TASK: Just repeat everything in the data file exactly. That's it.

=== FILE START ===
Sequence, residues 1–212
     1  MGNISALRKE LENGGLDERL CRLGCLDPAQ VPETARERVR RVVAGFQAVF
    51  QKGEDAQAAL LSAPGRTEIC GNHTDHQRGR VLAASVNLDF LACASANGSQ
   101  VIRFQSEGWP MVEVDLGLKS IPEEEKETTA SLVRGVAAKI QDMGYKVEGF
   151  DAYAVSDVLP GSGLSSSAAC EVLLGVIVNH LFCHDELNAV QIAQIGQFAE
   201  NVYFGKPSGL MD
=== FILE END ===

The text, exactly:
Sequence, residues 1–212
     1  MGNISALRKE LENGGLDERL CRLGCLDPAQ VPETARERVR RVVAGFQAVF
    51  QKGEDAQAAL LSAPGRTEIC GNHTDHQRGR VLAASVNLDF LACASANGSQ
   101  VIRFQSEGWP MVEVDLGLKS IPEEEKETTA SLVRGVAAKI QDMGYKVEGF
   151  DAYAVSDVLP GSGLSSSAAC EVLLGVIVNH LFCHDELNAV QIAQIGQFAE
   201  NVYFGKPSGL MD